Do the employment causative factors include reasonable administrative action?

If the decision-maker considers that the employee’s employment contributed, to a significant degree, to the ailment or aggravation of an ailment, the decision-maker must next identify whether any of those causative employment factors fall within the meaning of reasonable administrative action.

This will require an assessment of whether each identified employment action is:

  • administrative9 (such as actions affecting the employee’s ordinary work duties or a direction about the employee’s duties or how to perform those duties)
  • reasonable
  • taken in a reasonable manner, and
  • taken in respect of the employee’s employment (meaning the action must be directed specifically to the employee).

Whether the administrative action was reasonable or undertaken in a reasonable manner, is determined on a case by case basis. It is an objective test as to whether the action was reasonable or taken reasonably, not whether it could have been more reasonable or taken more reasonably.10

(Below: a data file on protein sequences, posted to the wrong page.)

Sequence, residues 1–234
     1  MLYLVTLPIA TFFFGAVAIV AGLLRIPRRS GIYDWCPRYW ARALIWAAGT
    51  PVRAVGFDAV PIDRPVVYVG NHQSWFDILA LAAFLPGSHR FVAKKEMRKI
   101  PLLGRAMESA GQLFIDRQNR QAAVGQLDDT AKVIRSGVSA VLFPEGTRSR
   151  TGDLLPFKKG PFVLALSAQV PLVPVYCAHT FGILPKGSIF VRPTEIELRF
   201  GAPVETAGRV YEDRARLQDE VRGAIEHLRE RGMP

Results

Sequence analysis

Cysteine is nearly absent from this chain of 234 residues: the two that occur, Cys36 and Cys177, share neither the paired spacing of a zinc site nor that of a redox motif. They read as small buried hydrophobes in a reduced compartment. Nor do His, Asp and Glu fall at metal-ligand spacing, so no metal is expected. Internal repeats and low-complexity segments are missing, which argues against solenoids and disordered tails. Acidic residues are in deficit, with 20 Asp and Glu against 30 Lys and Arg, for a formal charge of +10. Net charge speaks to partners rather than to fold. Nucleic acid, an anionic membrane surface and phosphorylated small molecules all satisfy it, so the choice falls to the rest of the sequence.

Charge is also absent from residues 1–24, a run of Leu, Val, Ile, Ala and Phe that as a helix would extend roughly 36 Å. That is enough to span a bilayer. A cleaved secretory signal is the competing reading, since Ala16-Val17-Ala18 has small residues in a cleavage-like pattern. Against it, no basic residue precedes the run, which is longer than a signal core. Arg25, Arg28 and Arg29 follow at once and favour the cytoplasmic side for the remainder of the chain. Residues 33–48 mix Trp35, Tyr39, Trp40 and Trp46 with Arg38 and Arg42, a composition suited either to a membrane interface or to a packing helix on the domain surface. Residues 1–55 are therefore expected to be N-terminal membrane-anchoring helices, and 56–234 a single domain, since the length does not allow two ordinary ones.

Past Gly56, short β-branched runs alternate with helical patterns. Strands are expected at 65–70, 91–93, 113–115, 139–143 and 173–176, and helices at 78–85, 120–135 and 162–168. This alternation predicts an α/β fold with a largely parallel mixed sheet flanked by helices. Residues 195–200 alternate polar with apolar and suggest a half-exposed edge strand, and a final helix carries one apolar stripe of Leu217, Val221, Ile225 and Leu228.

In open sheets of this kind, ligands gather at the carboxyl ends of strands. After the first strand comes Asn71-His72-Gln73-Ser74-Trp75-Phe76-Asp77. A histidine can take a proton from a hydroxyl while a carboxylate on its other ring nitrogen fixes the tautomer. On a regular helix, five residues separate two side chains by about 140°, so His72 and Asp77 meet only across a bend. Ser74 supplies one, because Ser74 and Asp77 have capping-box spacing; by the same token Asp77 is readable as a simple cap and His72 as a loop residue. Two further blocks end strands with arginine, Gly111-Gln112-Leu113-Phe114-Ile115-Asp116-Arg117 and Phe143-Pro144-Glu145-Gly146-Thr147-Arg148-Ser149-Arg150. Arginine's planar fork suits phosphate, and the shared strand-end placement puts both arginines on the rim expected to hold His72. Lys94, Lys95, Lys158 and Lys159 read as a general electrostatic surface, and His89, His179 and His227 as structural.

Was the disease suffered as a result of reasonable administrative action?

The words ‘suffered as a result of’ in section 5A(1) must be read in the context of the employee having suffered an ailment that was contributed to, to a significant degree, by employment.

To assess whether the disease was ‘suffered as a result of’ reasonable administrative action, the decision-maker needs to consider whether the reasonable administrative action made the difference between the employee suffering and not suffering the disease for the purposes of the SRC Act.

For the exclusion to apply, the decision-maker will need to be satisfied that without the reasonable administrative action the employee:

  • would not have suffered an ailment (or aggravation of) that was contributed to, to a significant degree, by their employment; or
  • would have suffered an ailment (or aggravation of) but that ailment was not contributed to, to a significant degree, by their employment.